*See Guide to Quantity of Herbicide Formulation for Total Volume of Spray Mix on page 7 for mixing information.
**Treatment control ratings: VH – Very High; H – High; M – Moderate; L – Low
Table 2. Herbicides for Controlling Brush on Rangeland
21
Brush controlled
Huisache, retama
Herbicide (common
and chemical names
-page 4)
Herbicide quantity
(active ingredient rate in parenthesis)
Broadcast rate
per acre
Individual plant
treatment*
Picloram + Triclopyr
L to M
32 oz (1/2 lb) Picloram
+
16 oz (1/2 lb) Triclopyr
H
1/2 % Picloram
+
1/2 % Triclopyr
Picloram + Clopyralid
L to M
32 oz (1/2 lb) Picloram
+
11 to 21 oz (1/4 to 1/2 lb)
Clopyralid
H
1/2 % Picloram
+
1/2 % Clopyralid
Picloram:Fluroxypyr (1:1)
L to M
96 oz (1.0 lb)
H
1%
Picloram
L to M
32 oz (1/2 lb)
H
1%
Spray volume
(per acre for broadcast, as
described for individual plant)
Time
to apply
4 to 5 gal oil-in-water emulsion as
aerial spray (32 oz to 1 gal diesel
fuel oil and water to make 4 to 5
gal/acre; a 1 to 5 oil to water ratio
is considered optimum); 20 to 25
gal oil-in-water emulsion (1⁄2 to
1 gal diesel fuel oil and water to
make 20 to 25 gal/acre) or 20 to 25
gal water plus surfactant (32 to 64
oz of surfactant per 100 gal water)
as ground broadcast. Thoroughly
wet foliage for individual plant
treatment. Add 32 to 64 oz
surfactant per 100 gal of water
or 5 gal of diesel fuel oil per 100
gal spray mix (1:19 oil-in-water
emulsion). Oil-in-water emulsion
requires use of emulsifier.
Spring, with mature
foliage or fall with
good soil moisture
and foliage.
VH
15% in diesel fuel
Apply to lower 12 to 18 in. of the
trunk to wet the bark. Do not
spray to point of runoff. Apply
completely around the trunk.
Anytime–optimum
time is during growing
season when plants
have mature leaves.
L**
64 oz (2 lb)
4 lb/gal product
L
1% (4 lb/gal product)
Spring before June
1, good growth
conditions.
H
1 gal (2.5 lb)
VH
1%
5 to 15 gal water as aerial spray;
25 to 30 gal water as ground
broadcast. Thoroughly wet
foliage and stems for individual
plant treatment. Add 32 to 64 oz
of surfactant per 100 gal of water.
Picloram + 2,4-D amine
or low volatile ester
H
32 oz (1⁄2 lb) Picloram
+
64 oz (2 lb) 2,4-D,
4 lb/gal product
VH
1⁄4 % Picloram
+
1⁄2 % 2,4-D (4 lb/gal
product)
2,4-D low volatile ester
L
64 oz (2 lb)
4 lb/gal product
L
1% (4 lb/gal product)
Lotebush
Triclopyr
Macartney rose (mowed
and other disturbed
stands within 3 years of
disturbance)
2,4-D amine
Picloram:2,4-D(1:4)
Spring or fall, good
growing conditions.
Remarks
When using oil-in-water emulsion,
use emulsifier added to oil for
proper emulsion.
Avoid spraying earlier than 9 to 12
months following mowing or when
plants have high percentage of
new growth. Poor control may be
expected if plants are less than 3 ft
tall when sprayed. Repeat treatment
when necessary.
Fall, under good
moisture conditions,
before Nov. 1.
*See Guide to Quantity of Herbicide Formulation for Total Volume of Spray Mix on page 7 for mixing information.
**Treatment control ratings: VH – Very High; H – High; M – Moderate; L – Low
22 Table 2. Herbicides for Controlling Brush on Rangeland
Brush controlled
Macartney rose
(undisturbed stands)
Herbicide (common
and chemical names
-page 4)
2,4-D amine
Picloram:2,4-D(1:4)
Picloram + 2,4-D amine or
low volatile ester
2,4-D low volatile ester
Herbicide quantity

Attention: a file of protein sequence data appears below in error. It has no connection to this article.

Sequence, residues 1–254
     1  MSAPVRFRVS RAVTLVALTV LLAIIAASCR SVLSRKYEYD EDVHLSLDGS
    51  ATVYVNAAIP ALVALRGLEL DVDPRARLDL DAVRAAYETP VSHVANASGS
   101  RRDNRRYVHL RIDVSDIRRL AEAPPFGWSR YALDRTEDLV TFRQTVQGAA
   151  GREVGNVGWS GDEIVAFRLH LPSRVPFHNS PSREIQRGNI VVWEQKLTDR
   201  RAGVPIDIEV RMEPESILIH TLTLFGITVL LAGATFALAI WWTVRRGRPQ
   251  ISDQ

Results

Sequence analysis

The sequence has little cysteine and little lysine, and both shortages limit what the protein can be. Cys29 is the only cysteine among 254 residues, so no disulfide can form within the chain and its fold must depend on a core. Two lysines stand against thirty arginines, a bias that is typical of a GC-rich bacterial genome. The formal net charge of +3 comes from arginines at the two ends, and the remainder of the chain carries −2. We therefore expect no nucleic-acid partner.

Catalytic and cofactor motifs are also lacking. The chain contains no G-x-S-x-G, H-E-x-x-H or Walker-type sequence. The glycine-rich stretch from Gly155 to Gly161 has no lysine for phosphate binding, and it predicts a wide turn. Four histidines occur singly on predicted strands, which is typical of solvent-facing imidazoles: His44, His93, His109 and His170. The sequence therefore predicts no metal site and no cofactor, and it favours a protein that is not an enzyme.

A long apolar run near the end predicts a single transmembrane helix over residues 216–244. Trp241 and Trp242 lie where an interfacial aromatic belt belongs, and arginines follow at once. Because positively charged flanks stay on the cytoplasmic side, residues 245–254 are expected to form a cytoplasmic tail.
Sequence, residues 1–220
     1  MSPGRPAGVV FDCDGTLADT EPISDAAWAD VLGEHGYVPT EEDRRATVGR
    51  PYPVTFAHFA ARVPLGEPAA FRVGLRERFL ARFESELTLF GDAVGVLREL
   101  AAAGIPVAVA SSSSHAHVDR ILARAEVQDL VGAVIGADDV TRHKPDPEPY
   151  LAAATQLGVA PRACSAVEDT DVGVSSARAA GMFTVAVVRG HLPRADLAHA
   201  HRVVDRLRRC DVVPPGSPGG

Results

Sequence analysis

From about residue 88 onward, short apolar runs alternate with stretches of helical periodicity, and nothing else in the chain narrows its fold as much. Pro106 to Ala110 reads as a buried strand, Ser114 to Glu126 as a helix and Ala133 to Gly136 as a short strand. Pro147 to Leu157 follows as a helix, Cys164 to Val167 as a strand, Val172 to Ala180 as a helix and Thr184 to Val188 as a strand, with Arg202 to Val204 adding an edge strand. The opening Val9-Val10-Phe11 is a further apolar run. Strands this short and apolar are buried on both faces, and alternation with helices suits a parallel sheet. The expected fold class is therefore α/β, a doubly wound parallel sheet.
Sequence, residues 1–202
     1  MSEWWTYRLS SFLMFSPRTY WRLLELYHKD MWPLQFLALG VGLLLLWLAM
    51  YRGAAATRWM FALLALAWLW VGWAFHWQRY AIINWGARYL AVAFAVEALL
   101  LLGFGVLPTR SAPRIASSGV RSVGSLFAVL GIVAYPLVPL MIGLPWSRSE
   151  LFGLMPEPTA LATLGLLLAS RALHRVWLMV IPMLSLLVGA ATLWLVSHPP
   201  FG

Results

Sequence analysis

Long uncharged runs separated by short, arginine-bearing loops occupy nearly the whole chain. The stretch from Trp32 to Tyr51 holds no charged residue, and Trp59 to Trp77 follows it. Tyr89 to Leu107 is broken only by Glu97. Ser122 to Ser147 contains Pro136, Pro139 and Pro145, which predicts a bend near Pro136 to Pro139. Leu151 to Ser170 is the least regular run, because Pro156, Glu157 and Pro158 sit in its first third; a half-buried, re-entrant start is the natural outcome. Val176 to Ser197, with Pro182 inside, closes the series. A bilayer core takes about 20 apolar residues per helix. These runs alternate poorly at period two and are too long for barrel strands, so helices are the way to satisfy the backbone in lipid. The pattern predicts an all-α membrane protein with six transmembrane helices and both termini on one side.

(active ingredient rate in parenthesis)
Broadcast rate
per acre
Individual plant
treatment*
L
1 gal (4 lb)
4 lb/gal product
L
1% (4 lb/gal product)
H
1 gal (2.5 lb)
VH
1%
H
32 oz (1⁄2 lb) Picloram
+
64 oz (2 lb) 2,4-D,
4 lb/gal product
VH
1⁄4 % Picloram
+
1⁄2 % 2,4-D (4 lb/gal
product)
L
96 oz (3 lb)
4 lb/gal product
Spray volume
(per acre for broadcast, as
described for individual plant)
Time
to apply
Remarks
5 to 15 gal water as aerial spray;
25 to 30 gal water as ground
broadcast. Thoroughly wet
foliage and stems for individual
plant treatment. Add 32 to 64 oz
of surfactant per 100 gal of water.
Spring before June
1, good growth
conditions.
L
1% (4 lb/gal product)
5 to 15 gal water as aerial spray;
25 to 30 gal water as ground
broadcast. Thoroughly wet
foliage and stems for individual
plant treatment. Add 32 to 64 oz
of surfactant per 100 gal of water.
Fall, under good
moisture conditions,
before Nov. 1.
H
Apply to base of trunk from 12 to
18 in. above soil surface down to
soil surface. Apply until solution
puddles on soil surface.
Anytime soil is dry and
pulled away from the
trunk.
Apply sufficient oil to penetrate to
plant bud zone. Diesel fuel oil does
not evaporate as fast as kerosene.
Late winter through
summer.
Apply undiluted Hexazinone liquid
or Hexazinone pellets to soil surface
between the stem base and the
edge of the canopy. Use an exact
delivery handgun applicator to
apply Hexazinone liquid. If plant
size requires more than a single 4
ml application of Hexazinone liquid,
or 2 Hexazinone pellets, apply
subsequent applications or pellets
equally spaced around the plant. Do
not use these treatments on marshy
or poorly drained sites nor on soils
classified as clays. Best results are
expected on coarse-textured soils.
Anytime–optimum
time is during growing
season when plants
have mature leaves.
This is commonly called the low
volume basal application method.
Use a 5500X1 adjustable cone
nozzle. Use only on plants with
smooth bark and a trunk diameter
less than 4 in.
Mesquite, huisache,
twisted acacia
Diesel fuel oil, kerosene
Mesquite, huisache
Hexazinone liquid
M to H**
4 to 8 ml per 3 ft of canopy
diameter or height,
whichever is greater
Hexazinone pellet
M to H
2 to 4 pellets per 3 ft
of canopy diameter or
height, whichever is
greater
Mesquite (basal stem
diameter 11/2 in. or less)
Triclopyr
VH
15% in diesel fuel oil
or basal bark oil
Mesquite (basal stem
diameter greater than 11/2
in.), Christ thorn
Triclopyr
VH
25% in diesel fuel oil
or basal bark oil
Apply to lower 12 to 18 in. of
trunk to wet the trunk; do not
spray to point of runoff. Apply